The DNA-binding ability of the W152G protein was examined by EMSA. The ability to bind to DNA is essential for FOXC1 to function as an effective transcription factor and to regulate the expression of other genes. As expected, the WT protein was able to bind to the FOXC1 binding site (Fig. 3A) . However, the W152G protein was unable to bind even when the protein level was increased (Fig. 3A) . Based on the EMSA results, we conclude that the W152G mutation greatly disrupts the DNA-binding ability of the mutant FOXC1 protein. 
A reporter assay was conducted in HeLa cells to examine the ability of the W152G protein to activate a luciferase reporter gene containing six copies of the consensus FOXC1 binding sites. The transactivation ability of W152G was only 3% of WT FOXC1, similar to that of the empty expression vector (Fig. 3B)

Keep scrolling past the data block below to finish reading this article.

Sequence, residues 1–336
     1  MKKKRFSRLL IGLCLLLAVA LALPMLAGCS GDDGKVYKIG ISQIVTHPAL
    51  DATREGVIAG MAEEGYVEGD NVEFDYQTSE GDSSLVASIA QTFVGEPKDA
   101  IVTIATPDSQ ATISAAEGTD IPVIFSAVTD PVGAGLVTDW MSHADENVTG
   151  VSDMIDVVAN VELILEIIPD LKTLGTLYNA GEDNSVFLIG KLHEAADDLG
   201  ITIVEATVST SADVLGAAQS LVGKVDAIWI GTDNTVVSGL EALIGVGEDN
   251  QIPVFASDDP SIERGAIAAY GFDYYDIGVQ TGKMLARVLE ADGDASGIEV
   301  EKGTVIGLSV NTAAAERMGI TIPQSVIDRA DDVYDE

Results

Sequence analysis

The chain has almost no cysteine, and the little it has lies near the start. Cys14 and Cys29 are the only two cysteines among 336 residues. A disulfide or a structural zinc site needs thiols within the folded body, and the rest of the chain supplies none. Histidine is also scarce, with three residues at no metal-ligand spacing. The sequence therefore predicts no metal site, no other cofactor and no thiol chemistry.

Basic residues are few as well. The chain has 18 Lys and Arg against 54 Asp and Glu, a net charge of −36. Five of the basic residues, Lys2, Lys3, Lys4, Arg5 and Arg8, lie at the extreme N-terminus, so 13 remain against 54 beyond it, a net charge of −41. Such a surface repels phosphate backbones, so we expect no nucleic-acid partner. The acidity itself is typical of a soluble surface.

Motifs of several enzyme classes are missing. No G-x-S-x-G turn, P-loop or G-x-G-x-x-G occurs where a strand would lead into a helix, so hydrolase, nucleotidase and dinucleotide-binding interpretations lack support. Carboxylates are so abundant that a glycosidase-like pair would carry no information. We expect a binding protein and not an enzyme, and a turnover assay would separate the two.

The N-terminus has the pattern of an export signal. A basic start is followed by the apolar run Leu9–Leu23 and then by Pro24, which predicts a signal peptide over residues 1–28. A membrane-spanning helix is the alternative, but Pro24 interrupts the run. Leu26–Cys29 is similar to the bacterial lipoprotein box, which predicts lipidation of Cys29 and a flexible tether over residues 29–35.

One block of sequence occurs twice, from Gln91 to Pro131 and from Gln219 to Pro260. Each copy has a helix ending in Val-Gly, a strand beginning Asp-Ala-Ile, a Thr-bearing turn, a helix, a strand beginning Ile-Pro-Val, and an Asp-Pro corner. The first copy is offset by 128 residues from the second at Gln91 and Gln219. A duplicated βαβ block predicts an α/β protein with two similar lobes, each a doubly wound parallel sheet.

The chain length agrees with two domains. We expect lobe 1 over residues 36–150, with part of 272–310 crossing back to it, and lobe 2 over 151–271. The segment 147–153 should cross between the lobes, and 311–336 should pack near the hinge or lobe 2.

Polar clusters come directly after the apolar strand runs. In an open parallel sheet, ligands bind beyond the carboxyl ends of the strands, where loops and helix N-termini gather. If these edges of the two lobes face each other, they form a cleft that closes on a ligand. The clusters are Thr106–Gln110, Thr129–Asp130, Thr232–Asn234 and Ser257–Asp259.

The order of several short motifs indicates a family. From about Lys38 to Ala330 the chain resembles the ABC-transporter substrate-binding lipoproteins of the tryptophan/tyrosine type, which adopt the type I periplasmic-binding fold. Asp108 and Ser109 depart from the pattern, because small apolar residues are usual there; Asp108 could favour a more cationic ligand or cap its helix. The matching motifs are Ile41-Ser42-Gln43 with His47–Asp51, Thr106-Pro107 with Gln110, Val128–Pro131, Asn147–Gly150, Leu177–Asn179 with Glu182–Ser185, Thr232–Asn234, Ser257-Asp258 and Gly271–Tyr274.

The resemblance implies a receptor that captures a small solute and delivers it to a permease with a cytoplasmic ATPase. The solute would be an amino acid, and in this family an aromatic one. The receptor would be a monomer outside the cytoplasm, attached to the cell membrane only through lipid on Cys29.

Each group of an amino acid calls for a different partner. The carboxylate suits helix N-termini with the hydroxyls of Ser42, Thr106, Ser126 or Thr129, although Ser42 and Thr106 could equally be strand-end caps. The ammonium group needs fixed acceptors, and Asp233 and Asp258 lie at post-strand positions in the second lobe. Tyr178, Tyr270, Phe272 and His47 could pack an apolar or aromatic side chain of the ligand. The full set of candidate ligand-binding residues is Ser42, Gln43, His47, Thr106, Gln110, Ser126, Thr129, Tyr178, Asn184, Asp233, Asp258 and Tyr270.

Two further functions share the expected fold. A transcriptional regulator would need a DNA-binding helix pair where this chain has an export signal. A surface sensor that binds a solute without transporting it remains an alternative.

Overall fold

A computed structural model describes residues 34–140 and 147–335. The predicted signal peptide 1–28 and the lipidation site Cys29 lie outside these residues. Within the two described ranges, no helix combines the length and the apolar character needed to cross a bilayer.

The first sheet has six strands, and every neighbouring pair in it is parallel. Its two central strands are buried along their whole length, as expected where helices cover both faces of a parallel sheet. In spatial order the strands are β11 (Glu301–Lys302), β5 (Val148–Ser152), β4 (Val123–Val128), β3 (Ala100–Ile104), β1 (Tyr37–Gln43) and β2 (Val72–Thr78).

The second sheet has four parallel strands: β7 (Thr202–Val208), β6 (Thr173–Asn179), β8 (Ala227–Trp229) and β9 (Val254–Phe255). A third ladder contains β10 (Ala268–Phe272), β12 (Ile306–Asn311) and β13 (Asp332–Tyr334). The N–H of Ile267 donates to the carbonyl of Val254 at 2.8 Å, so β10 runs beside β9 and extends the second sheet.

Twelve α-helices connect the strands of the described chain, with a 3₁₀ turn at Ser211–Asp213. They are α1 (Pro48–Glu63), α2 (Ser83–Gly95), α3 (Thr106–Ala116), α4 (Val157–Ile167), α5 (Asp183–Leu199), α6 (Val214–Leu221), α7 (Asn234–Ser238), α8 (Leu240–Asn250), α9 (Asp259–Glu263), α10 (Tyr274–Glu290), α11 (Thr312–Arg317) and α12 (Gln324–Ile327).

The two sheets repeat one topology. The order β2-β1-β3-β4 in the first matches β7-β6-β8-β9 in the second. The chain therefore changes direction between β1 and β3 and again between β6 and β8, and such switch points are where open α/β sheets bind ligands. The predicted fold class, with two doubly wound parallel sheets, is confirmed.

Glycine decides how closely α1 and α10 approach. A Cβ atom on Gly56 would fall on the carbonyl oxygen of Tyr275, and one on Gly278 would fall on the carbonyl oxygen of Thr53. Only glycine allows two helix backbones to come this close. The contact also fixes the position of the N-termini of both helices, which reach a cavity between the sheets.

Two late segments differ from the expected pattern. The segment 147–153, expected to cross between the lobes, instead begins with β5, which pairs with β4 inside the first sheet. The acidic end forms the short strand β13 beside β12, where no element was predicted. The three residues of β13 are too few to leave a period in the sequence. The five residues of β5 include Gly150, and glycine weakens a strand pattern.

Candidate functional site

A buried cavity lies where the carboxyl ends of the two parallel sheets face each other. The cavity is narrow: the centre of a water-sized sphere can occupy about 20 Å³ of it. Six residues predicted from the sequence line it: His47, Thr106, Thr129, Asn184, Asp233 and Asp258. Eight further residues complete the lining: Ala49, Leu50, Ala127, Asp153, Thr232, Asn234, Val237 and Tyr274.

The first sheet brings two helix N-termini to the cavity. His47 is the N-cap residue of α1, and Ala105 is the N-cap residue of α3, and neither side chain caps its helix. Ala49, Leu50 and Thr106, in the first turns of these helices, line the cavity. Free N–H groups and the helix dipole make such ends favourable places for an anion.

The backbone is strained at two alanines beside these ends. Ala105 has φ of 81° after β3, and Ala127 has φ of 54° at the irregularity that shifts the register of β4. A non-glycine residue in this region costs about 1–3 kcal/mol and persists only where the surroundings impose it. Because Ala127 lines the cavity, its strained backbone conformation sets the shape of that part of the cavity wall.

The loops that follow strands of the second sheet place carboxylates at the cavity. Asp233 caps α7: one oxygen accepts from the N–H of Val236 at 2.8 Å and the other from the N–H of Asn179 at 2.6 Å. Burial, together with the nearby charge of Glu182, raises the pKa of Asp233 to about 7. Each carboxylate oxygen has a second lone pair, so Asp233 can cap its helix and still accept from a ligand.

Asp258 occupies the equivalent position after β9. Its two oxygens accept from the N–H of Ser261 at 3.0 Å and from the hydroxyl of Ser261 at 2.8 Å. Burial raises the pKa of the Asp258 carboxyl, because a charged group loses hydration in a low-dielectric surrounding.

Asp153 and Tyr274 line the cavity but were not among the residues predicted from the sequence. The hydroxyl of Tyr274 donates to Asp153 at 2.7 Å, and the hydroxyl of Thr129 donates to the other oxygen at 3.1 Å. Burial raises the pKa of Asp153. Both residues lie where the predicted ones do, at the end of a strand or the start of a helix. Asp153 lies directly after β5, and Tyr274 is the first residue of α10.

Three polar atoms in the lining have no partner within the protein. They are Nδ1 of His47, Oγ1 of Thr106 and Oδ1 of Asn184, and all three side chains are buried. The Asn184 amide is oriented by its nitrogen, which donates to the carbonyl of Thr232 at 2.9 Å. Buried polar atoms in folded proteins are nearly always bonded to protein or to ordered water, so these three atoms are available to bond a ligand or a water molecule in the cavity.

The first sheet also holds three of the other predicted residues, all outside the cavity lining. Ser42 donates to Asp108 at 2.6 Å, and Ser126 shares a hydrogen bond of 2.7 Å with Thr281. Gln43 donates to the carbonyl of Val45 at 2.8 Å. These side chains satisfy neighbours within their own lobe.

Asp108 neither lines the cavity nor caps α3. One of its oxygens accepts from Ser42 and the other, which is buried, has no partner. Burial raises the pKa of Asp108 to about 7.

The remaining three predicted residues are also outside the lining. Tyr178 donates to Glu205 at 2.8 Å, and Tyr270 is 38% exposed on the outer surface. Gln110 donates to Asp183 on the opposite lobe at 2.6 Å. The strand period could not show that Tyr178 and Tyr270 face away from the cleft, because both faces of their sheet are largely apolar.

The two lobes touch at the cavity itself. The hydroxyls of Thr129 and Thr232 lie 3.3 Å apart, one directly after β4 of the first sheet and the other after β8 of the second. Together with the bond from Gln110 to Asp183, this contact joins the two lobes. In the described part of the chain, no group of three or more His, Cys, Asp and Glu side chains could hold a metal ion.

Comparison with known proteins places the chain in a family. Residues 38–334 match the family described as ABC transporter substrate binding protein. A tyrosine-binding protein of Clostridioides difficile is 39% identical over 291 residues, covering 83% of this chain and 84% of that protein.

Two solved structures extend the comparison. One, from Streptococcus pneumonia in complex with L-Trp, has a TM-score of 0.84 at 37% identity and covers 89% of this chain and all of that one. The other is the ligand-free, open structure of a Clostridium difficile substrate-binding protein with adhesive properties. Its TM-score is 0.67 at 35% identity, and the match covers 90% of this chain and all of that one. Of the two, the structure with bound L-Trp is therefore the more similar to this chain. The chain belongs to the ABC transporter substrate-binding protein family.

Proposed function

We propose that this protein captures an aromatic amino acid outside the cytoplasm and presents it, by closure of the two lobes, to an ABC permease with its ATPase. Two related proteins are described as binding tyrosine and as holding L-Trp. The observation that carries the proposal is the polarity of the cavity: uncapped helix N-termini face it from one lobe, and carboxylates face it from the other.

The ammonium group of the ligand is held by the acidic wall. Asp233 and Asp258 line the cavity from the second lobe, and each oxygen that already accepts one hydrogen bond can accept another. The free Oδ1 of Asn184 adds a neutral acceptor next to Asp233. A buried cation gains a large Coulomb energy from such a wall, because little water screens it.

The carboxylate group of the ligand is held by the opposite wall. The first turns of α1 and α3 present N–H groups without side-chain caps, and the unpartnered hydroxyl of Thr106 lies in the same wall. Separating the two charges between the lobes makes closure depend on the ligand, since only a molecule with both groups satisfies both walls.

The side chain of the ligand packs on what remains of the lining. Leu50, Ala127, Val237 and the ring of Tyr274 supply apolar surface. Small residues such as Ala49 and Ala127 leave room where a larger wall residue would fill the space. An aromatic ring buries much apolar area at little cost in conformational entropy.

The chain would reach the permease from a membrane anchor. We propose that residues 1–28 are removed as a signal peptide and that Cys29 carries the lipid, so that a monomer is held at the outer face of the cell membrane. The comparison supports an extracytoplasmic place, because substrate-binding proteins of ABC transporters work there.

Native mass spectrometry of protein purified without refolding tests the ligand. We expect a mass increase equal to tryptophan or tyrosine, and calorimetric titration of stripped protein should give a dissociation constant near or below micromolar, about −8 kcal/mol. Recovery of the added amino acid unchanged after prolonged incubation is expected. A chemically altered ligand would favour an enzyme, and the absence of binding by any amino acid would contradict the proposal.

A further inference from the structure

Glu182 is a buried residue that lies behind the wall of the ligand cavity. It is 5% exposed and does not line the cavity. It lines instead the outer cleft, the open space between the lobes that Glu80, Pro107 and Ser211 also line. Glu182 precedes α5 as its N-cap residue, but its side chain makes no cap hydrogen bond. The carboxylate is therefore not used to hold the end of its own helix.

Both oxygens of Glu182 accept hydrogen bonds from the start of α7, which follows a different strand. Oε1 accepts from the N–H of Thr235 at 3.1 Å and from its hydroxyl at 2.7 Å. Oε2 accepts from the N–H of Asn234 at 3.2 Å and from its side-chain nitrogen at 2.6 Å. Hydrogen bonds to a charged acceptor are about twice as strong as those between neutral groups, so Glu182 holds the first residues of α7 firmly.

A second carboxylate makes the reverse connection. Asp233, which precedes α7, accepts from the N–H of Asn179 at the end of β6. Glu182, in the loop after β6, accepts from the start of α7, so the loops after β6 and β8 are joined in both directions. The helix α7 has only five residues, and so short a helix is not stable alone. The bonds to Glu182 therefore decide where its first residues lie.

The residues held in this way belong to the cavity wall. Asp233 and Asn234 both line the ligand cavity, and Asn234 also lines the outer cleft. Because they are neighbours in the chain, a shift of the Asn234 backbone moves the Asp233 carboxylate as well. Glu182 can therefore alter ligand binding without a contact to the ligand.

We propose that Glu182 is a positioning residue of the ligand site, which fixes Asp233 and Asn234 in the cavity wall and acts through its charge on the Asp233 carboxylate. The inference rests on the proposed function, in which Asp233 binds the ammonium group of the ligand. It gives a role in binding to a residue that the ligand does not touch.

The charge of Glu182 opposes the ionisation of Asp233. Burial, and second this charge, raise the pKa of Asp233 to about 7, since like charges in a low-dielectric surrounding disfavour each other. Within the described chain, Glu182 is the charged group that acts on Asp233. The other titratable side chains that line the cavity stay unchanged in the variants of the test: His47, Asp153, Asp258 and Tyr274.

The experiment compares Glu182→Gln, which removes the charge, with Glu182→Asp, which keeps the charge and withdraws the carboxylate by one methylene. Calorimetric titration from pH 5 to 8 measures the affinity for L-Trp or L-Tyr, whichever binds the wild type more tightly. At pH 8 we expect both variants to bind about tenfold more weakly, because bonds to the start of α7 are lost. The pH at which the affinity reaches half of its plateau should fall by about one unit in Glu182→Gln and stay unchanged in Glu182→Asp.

The ability of the W152G FOXC1 protein to localize to the nucleus was examined by immunofluorescence. More than 90% of HTM cells showed exclusive nuclear localization of the FOXC1 WT protein (Fig. 4A) . However, there was a dramatic reduction in the number of HTM cells with exclusive nuclear localization of the W152G FOXC1 protein (10.3%) compared with the WT protein (92%; Fig. 4A ). Most cells showed localization of the W152G protein to both the nucleus and the cytoplasm. Interestingly, the W152G mutant proteins formed aggregated complexes in the cytoplasm in approximately 30% of cells (Fig. 4A) . Aggregated complexes in the cytoplasm have been observed for one other FOXC1 mutation, L130F. 9 To examine whether the protein aggregates are part of aggresomes, we treated the cells with MG132, a proteasomal inhibitor known to induce the formation of aggresomes. 17 Because microtubules are essential for the formation of aggresomes, the cells were also treated with nocodazole, which disrupts microtubules. 17 The MG132 and nocodazole treatments did not affect the nuclear localization of the WT protein (Table 1 ; Fig. 4B ). MG132 treatment did not affect the formation of protein aggregates for either the W152G or the L130F mutation (Table 1) . Interestingly, fully formed aggresomes were observed in MG132-treated HTM cells expressing L130F (Fig. 4B) . Nocodazole treatment with or without MG132 decreased the percentage of cells with protein aggregates from 46.2% in untreated cells to 35.8% and 33.3%, respectively, for the L130F mutation. These results further verify that the L130F proteins form aggresomes. For the W152G mutation, adding nocodazole with or without MG132 did not decrease the number of cells with protein aggregates, suggesting that the protein aggregates formed by the W152G protein are not microtubule-dependent inclusion bodies (Table 1 ; Fig. 4B ). Although both W152G and L130F result in the formation of protein aggregates in the cytoplasm, aggresome formation was only observed for the L130F mutation. These results suggest that the two mutant FOXC1 proteins are processed in the cell by different mechanisms.